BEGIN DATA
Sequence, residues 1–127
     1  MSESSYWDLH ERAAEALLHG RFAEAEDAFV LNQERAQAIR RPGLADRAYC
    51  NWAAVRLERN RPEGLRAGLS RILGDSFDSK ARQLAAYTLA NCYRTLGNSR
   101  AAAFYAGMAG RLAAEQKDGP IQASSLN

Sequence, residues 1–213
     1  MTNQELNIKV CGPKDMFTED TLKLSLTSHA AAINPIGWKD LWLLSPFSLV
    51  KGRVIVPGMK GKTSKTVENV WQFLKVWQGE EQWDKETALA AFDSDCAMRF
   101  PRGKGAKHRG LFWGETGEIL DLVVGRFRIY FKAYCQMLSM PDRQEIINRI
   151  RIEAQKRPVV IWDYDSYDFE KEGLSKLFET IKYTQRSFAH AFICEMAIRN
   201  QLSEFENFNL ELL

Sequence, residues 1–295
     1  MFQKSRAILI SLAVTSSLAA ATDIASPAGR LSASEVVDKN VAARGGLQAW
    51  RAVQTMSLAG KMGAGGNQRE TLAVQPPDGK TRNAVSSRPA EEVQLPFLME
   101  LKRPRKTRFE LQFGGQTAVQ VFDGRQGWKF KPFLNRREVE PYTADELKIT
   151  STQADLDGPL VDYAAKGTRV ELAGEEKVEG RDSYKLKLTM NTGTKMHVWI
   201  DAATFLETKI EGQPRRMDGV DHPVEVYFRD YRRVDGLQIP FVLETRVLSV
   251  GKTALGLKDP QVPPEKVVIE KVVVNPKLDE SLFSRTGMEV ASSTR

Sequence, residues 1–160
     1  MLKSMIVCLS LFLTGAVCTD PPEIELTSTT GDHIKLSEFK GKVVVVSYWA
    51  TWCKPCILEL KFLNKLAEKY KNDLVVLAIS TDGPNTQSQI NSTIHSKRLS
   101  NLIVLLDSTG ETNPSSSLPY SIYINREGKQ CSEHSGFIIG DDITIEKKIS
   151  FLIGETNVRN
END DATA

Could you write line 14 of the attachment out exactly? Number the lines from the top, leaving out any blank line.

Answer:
   101  LKRPRKTRFE LQFGGQTAVQ VFDGRQGWKF KPFLNRREVE PYTADELKIT